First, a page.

These mosquito-bite prevention tips can help keep you itch-free

Mosquito bites might just be the most unpleasant part of the summer season — right up there with sunburn.

Aside from dotting your skin in red, itchy spots, mosquitos are the culprits behind some of the world’s most notorious infectious diseases, including malaria, West Nile virus, yellow fever, dengue fever, and Zika.

Peter Veldkamp, MD, infectious disease physician at the UPMC Center for Care of Infectious Diseases, offers tips to help you keep bugs at bay — both at home and abroad.

Learn more about how you can prevent pesky mosquito bites

The Importance of Mosquito Repellent

Insect repellent is the best way to stave off mosquito bites (and, yes, these repellents are safe for use). Repellents that contain a higher percentage of active ingredients offer the highest levels of protection.

  • DEET (or diethyltoluamide) is the most common active ingredient in bug sprays. Developed in 1944 by the United States Department of Agriculture, DEET helps repel a variety of biting insects, from mosquitos to fleas to chiggers. The drawback? This popular ingredient can give off a distinctive odor.
  • Picaridin is an odorless, non-greasy insect repellent. This synthetic compound was developed by a pharmaceutical company in the 1980s and has been approved for use in the United States since 2005.

You should only use repellents approved by the Environmental Protection Agency. These substances are proven safe, even for children and women who are pregnant or breastfeeding. The exception? Insect repellent should not be used on infants younger than 2 months.

Always follow instructions when applying insect repellents — and don’t forget to carry a bottle with you throughout the day. If you’re wearing sunscreenalways apply sunscreen first and bug spray second to ensure the effectiveness of these products.

Beyond Bug Spray: How to Prevent Mosquito Bites

Cover Up for Mosquito Protection

If weather permits, long-sleeve shirts, pants, and socks can help keep mosquitos at bay. Keep in mind, mosquitos may be able to bite through thin fabrics.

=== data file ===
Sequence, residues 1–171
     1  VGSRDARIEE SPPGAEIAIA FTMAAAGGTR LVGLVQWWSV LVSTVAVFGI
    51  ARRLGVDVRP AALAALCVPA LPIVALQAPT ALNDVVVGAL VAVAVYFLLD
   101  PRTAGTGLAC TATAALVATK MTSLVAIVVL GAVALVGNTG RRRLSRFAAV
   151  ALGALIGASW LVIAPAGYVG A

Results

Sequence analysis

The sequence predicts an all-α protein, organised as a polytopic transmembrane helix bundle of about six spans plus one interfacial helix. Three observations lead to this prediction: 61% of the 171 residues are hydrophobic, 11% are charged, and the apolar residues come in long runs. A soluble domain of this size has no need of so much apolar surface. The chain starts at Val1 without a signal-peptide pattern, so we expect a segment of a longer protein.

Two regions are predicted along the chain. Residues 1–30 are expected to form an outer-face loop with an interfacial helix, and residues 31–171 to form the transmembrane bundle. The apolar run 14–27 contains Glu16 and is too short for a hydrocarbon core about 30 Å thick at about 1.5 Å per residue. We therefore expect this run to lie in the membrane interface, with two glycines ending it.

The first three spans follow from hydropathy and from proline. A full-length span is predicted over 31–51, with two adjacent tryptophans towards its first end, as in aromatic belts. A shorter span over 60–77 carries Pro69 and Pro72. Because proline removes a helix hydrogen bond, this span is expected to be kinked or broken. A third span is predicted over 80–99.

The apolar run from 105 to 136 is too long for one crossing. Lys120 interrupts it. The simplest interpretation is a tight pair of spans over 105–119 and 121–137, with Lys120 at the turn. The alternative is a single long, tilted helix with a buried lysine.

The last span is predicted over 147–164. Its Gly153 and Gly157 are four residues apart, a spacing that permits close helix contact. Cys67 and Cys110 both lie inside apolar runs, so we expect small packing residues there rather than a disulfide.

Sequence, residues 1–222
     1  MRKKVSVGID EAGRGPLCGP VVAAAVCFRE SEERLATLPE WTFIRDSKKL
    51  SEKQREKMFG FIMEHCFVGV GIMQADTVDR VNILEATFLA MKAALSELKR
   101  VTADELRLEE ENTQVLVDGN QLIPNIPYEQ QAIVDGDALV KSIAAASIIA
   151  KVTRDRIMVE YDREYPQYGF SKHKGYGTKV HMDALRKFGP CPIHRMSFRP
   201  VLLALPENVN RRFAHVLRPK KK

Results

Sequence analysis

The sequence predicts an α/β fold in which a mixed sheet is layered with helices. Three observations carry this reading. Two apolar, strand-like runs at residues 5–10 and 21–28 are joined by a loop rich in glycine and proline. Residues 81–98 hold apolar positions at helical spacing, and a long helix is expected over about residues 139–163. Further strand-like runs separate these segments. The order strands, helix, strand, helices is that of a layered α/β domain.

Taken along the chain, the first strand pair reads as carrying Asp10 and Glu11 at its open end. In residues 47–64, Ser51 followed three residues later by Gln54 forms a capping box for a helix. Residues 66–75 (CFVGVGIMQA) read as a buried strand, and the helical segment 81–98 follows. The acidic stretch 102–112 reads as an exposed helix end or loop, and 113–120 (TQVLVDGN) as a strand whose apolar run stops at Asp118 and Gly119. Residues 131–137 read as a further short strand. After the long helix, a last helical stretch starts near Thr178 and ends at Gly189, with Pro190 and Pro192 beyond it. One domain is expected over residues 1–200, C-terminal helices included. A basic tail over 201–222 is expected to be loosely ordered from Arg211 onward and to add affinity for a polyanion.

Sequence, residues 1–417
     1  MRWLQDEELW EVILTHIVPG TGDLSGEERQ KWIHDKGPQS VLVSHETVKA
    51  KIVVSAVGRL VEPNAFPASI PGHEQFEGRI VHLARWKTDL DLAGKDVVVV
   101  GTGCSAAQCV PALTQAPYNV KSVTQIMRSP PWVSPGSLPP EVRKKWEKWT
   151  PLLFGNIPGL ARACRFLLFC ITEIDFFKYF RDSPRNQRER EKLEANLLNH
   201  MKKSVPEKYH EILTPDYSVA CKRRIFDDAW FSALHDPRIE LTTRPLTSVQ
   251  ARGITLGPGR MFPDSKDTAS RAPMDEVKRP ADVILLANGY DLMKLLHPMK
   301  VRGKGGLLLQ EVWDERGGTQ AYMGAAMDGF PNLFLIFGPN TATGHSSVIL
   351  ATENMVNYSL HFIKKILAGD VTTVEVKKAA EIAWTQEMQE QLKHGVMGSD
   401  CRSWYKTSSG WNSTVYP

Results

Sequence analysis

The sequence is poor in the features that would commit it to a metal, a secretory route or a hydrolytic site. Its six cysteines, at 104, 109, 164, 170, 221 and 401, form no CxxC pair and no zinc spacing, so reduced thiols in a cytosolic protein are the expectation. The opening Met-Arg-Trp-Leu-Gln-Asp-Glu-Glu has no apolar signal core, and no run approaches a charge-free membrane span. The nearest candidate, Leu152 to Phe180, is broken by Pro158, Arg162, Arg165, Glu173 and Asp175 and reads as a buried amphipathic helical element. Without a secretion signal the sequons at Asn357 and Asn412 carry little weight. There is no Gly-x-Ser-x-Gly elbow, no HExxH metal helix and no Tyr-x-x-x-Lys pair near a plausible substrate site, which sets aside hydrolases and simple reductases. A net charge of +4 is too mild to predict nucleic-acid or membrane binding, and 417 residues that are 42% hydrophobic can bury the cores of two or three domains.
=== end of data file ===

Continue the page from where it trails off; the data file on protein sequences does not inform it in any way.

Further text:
For an extra layer of mosquito protection, you can use a substance called permethrin to treat your clothing and gear — but do not apply this product directly to your skin or to bed nets.

Head Inside

When in doubt, stay inside. Turn up the A/C and close windows and doors, if you can. In some locales, it may be necessary to sleep beneath a mosquito net.

Mosquito netting is simply a fine mesh that blocks mosquitos from penetrating, without hindering your vision or air flow. Many mosquito nets hang like a tent over beds, but this netting is also used to cover sleeping bags, windows, and doors. Mosquito nets are most frequently used in countries where malaria and other insect-borne illnesses are common.

Protect Your Home from Mosquitos

Mosquitos need just a small amount of water to breed. So head to your backyard and tip over any pools, buckets, or containers that hold still water. If you use a tarp to cover your grill or firewood, tie it tightly: Rainwater can pool beneath these covers, luring in bugs.

Read the Insect Repellent Warnings

Vacationing abroad? The Center for Disease Control’s Travelers’ Health website can keep you up-to-date on travel warnings, disease outbreak patterns, and health risks around the globe. You can also learn about peak mosquito activity times, like dusk or dawn, for example.

If you develop a headache, fever, rash, or joint pain after traveling, you should immediately seek medical care.